The region is known for its tremendous richness in terms of biodiversity, due to the amount of species and level of endemism, the diversity of ecosystems present within the eco-region, the situation as a corridor between South America and the Isthmus of Panamá, and as contact region between the Chocó and the Magdalena Medio. (Hernández et al. 1992).
Due to the amount of wetlands, as lagoons, marshes, swamps and mangroves to the coast, and its location in the northernmost part of the continent, the valley is the place of arrival of many migratory species of birds of prey, waterfowl and songbirds during the northern winters. These include the osprey (Pandion haliaetus) and wild ducks such as Anas discors, Anas cyanoptera, Anas acuta, Anas clypeata and Anas americana. Also, important populations of native waterfowl and fishes, inhabit this wetlands. Among these are Chauna chavarria, Cairina moschata, Sarkidiornis melanotos, Dendrocygna autumnalis, Dendrocygna bicolor, and important fishes such as Brycon moorei, Ichthyoelephas longirostris, Prochilodus reticulatus, Petenia krausii and Tarpon atlanticus. The largest rodent, Hydrochaeris hydrochaeris, the manatee (Trichechus manatus) and the caiman (Crocodylus acutus), live in these wetlands also. (Hernández 1992, Miles 1971, Dahl 1985).
The savanna deer (Odocoileus virginiaunus gymnotis), lives together with the puma (Puma concolor), and several other carnivores such as the crab-eating raccoon (Procyon cancrivorous) and the jaguarundi (Herpailurus yaguaroundi). in the open grasslands taking refuge in the forest patches remaining and along the water currents.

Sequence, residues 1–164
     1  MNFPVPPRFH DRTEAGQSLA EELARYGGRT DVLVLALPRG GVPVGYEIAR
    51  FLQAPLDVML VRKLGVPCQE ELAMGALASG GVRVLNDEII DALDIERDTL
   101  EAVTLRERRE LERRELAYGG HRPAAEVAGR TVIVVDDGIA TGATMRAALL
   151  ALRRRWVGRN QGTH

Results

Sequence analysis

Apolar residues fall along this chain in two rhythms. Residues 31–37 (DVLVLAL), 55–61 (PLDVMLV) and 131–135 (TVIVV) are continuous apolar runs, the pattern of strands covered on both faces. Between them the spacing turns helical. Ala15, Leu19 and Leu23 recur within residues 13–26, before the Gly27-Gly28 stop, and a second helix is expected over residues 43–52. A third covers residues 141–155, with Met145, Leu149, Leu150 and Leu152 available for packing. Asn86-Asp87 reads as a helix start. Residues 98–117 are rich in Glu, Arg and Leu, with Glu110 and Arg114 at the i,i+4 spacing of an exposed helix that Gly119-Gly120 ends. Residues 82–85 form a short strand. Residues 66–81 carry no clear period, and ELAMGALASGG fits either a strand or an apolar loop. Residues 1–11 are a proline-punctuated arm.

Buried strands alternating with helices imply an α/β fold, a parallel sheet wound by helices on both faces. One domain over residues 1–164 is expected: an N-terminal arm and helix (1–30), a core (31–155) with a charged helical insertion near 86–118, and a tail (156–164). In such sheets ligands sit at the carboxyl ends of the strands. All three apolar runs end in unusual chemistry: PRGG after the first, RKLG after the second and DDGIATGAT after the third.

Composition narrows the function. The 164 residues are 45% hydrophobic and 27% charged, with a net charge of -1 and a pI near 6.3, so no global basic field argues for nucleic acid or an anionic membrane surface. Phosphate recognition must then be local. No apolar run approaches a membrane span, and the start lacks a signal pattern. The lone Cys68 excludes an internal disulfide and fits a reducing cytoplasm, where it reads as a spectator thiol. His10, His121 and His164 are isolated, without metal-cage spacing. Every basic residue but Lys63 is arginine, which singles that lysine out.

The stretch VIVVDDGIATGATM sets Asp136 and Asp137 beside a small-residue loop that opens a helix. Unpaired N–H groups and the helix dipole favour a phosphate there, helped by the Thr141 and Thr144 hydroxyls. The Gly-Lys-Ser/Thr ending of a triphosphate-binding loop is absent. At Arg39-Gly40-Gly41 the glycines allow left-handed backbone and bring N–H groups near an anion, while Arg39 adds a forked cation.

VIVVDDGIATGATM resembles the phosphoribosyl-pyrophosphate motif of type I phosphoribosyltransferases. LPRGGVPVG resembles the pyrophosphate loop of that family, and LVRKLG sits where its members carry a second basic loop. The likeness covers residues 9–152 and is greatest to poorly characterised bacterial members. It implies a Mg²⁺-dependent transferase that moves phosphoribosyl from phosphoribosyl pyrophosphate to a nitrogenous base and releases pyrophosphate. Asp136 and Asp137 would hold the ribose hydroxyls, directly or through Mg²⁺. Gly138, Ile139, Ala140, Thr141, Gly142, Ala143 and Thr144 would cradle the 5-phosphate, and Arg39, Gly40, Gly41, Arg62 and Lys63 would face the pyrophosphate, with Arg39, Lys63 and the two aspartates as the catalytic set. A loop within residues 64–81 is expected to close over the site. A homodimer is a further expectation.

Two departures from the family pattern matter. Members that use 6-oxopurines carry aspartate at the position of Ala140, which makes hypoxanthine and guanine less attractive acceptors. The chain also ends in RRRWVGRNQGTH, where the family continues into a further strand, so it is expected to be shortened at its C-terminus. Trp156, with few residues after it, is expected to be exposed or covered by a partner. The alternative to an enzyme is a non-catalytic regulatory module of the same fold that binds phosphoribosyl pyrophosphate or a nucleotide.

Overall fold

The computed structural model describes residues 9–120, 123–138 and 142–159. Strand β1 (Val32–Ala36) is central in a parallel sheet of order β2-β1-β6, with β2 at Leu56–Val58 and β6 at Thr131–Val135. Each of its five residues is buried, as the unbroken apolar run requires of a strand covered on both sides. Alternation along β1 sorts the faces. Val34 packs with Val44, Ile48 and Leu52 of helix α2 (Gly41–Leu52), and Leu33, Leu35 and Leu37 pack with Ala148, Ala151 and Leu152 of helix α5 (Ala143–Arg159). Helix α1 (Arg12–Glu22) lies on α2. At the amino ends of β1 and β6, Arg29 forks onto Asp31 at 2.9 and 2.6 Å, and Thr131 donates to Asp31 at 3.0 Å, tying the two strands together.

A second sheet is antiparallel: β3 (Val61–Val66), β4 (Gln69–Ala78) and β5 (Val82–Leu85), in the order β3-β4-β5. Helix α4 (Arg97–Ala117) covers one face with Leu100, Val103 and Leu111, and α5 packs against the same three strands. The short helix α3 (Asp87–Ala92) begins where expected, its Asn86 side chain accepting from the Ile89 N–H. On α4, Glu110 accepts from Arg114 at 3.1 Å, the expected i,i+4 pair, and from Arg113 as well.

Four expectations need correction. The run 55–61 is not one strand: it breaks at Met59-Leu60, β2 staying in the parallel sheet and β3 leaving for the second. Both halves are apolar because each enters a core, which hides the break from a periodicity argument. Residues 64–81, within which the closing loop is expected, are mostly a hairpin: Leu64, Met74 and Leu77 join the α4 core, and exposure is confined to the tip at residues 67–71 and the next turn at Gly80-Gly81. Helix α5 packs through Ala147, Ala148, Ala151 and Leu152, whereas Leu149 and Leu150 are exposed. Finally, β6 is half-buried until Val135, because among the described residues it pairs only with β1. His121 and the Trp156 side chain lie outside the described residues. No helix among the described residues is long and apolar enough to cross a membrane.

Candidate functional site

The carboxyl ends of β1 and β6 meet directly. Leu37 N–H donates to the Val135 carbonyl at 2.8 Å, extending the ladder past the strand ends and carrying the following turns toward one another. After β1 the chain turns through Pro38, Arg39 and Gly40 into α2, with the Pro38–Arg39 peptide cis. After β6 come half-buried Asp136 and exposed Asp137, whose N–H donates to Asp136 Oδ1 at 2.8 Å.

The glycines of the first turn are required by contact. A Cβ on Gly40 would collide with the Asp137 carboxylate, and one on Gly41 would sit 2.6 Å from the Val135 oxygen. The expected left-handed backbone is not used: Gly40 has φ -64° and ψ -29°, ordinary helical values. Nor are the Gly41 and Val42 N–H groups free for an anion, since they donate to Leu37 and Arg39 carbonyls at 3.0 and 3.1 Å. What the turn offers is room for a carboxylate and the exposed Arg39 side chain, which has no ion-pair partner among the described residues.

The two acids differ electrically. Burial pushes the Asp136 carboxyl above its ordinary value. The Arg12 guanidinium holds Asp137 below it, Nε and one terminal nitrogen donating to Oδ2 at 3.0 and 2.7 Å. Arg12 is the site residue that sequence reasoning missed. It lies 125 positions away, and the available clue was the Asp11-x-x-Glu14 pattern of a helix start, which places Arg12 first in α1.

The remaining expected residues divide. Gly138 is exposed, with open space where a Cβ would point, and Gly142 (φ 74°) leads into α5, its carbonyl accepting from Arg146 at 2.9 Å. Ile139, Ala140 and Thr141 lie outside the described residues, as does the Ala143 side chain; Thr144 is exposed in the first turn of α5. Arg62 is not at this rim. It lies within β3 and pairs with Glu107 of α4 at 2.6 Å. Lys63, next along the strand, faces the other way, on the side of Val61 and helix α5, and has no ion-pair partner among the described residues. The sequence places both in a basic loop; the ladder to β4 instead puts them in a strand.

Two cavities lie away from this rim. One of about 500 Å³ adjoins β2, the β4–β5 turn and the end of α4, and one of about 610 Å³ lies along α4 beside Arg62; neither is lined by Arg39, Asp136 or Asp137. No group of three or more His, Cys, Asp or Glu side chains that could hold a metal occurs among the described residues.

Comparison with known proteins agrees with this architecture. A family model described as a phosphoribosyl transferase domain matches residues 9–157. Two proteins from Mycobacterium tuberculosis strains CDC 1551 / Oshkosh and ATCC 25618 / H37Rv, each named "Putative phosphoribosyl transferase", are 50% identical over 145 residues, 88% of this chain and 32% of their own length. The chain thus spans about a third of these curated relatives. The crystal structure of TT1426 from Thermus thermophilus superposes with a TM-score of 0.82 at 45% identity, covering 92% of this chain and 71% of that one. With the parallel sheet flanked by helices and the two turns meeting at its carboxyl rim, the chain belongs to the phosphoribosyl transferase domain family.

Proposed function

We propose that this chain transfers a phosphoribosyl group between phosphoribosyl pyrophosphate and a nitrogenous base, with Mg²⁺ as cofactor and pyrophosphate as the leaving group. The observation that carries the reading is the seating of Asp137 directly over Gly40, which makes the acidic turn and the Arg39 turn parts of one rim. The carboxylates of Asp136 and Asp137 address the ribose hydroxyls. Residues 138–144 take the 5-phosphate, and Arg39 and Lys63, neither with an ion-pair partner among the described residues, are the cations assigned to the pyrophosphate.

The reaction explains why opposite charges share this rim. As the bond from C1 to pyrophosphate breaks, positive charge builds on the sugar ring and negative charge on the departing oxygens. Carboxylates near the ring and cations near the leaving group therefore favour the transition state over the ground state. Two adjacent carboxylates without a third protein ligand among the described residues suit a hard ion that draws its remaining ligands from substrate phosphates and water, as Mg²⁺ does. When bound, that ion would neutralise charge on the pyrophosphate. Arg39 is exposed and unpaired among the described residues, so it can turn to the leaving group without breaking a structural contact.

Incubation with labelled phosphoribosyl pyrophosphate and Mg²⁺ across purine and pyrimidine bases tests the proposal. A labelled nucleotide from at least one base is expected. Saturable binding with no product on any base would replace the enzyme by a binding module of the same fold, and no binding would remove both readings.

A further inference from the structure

In the moist forest surrounding the valley, and in the upper Sinú, where there are wetter conditions, the forests are very rich in wildlife; it is the only place known where two tapir species are sympatric, Tapirus bairdii and Tapirus terrestris colombianus; also here are found: spectacled bear (Tremarctos ornatus), giant anteater (Myrmecophaga tridactyla), jaguar(Panthera onca), ocelot (Leopardus pardalis), brocket deer (Mazama americana), spider monkey (Ateles geoffroyi), cotton top tamarin (Saguinus oedipus) and white-lipped peccary (Tayassu pecari), among mammals, and the largest eagle the harpy (Harpia harpyja), the endemic curassow (Crax alberti), the great green macaw (Ara ambigua), all of them endangered. Many more species of birds, reptiles, amphibians and arthropods are known to occur here, but it is, biologically, one of the least known ecoregions of Colombia.(Hernández et al. 1992).
Besides being the only Colombian region to have naturally grown mahogany (Switenia macrophylla), the Colombian ebony (Caesalpinia ebenum) is endemic to the drier parts of this ecorregión. Another endemic is the golden Cattleya orchid, (Cattleya aurea), that is sympatric in the upper Sinú with the gigas Cattleya orchid, (Cattleya warscewickzii), showing the contact zone between Magdalena Medio and Chocó-Darién; the upper Sinú is the only place where the naturally occurring hybrid, the spectacular (Cattleya X hardyana) has been found.